LOS ANGELES (Reuters) – Walt Disney Co. unveiled a program on Tuesday to let preteens create personal mini Web sites like MySpace's very popular social networking site for older teens and young adults, with parental controls it hopes will create a safe haven.
The Disney feature, called Disney Xtreme Digital, or Disney XD, is aimed at kids under 14, with parents getting control over Internet activities, Paul Yanover, executive vice president and managing director of Disney Online, said in an interview.
A chat feature requires parental approval for kids to go beyond trading canned messages designed to prevent users from revealing personal information, or from using profanity.
Kids can gather games, videos and music files from Disney's promotions-rich Web site and place them on a page that they decorate with a selection of motifs from the company's rich character library.
Yanover said the feature limits kids to using Disney content on their Web sites, and would allow parents to monitor interaction. At the same time, Disney can protect its image on the freewheeling Web, he said.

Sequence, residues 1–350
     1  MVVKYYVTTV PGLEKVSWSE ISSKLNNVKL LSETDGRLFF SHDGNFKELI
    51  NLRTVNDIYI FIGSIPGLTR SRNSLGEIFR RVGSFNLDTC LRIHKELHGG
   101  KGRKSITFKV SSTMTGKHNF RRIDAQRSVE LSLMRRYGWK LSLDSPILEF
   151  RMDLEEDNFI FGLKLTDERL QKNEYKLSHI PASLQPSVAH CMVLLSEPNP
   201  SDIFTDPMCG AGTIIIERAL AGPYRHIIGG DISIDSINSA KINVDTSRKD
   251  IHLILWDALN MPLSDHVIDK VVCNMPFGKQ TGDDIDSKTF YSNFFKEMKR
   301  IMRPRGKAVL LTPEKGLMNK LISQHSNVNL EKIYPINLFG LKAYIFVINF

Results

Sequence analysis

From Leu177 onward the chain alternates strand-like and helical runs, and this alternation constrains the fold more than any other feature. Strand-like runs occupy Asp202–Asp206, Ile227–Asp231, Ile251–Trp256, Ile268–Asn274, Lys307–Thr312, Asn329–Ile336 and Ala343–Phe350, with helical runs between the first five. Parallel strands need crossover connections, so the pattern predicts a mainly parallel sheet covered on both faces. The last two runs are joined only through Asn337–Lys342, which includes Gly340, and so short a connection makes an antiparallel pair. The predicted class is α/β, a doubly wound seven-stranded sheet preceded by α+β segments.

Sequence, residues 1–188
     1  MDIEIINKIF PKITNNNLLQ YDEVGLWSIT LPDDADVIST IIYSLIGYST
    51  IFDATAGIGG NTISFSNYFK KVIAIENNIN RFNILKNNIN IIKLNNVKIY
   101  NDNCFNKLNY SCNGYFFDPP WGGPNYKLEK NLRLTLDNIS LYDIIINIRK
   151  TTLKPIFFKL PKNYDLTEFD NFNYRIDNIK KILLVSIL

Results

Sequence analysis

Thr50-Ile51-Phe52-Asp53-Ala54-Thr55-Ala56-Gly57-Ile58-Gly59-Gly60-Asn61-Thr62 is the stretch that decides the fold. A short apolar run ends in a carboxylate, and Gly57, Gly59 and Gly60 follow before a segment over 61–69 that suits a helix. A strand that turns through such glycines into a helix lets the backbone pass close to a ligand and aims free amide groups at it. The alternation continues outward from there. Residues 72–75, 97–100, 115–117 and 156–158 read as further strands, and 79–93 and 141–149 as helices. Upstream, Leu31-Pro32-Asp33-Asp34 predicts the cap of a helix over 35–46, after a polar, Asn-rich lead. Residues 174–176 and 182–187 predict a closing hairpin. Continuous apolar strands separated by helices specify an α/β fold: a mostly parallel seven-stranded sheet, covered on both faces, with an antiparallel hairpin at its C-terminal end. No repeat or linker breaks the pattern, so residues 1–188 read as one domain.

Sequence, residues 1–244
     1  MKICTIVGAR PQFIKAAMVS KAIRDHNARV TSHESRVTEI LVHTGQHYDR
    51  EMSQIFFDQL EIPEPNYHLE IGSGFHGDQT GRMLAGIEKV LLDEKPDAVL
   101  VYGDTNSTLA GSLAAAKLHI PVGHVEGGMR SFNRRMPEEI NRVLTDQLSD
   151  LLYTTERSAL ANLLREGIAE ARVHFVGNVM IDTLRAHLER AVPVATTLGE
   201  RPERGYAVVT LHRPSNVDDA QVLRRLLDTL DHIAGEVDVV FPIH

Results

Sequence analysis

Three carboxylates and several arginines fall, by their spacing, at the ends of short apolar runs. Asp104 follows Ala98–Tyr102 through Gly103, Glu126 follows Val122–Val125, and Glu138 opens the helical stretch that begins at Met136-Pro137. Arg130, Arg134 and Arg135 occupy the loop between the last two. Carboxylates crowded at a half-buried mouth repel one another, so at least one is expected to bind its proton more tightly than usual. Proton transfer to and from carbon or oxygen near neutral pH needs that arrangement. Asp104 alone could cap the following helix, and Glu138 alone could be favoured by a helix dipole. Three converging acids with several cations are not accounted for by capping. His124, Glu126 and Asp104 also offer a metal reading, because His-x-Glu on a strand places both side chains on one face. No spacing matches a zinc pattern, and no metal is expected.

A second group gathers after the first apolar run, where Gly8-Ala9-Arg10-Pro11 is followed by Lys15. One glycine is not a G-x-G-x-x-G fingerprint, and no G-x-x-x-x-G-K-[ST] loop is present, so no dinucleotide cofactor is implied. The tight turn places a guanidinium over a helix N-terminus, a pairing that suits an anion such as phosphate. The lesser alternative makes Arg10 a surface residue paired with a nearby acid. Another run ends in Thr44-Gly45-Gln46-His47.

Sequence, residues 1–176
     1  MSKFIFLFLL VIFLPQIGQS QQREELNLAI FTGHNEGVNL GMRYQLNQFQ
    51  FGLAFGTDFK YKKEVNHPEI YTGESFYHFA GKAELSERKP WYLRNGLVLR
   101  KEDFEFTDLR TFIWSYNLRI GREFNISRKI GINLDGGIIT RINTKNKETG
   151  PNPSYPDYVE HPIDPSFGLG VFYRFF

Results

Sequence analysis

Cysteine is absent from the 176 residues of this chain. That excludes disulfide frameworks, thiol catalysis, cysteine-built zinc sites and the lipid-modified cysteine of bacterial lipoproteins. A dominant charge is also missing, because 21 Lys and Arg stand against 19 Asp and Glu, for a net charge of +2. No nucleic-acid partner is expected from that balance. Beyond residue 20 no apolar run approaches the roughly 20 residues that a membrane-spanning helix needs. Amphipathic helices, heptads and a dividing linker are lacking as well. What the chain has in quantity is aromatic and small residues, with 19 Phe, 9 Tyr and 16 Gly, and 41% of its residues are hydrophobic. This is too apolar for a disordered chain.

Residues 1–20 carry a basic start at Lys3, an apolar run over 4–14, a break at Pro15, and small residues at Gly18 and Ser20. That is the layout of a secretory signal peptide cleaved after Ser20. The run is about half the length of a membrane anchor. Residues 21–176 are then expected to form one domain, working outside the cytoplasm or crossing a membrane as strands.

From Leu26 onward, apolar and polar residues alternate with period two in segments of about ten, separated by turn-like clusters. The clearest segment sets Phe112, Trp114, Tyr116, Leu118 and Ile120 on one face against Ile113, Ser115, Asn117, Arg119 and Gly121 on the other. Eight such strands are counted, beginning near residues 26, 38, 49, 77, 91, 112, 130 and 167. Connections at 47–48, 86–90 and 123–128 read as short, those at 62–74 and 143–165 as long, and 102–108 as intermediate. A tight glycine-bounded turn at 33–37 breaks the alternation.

"There is a weaving together of entertainment and promotion and marketing," he added. "It's difficult to say where one ends and the other begins."
The feature is meant for use on high-speed Internet. The approximately 30 million U.S. broadband households already make up about 90 percent of visitors to Disney.com, Yanover said.
Kids earn points for every activity they participate in on Disney XD, and can use the points to purchase items such as virtual stickers or Rube Goldberg-type machines like bubble makers for their pages.
The goal is to create a community of kid marketers for Disney, as kids visit each other's sites and talk up Disney TV shows, characters, and products.
"I want tons of kids immersed in my brands and franchises. What better marketer do I have than a kid?" Yanover said. "It's really about building a kid community … (that) extends beyond individual Disney products, Web sites and titles."
The company unveiled the feature at a New York event featuring 'tween heartthrob Corbin Bleu, star of the popular Disney Channel movies "High School Musical" and "Jump In," whose new album debuted on the site.
MySpace is owned by News Corp.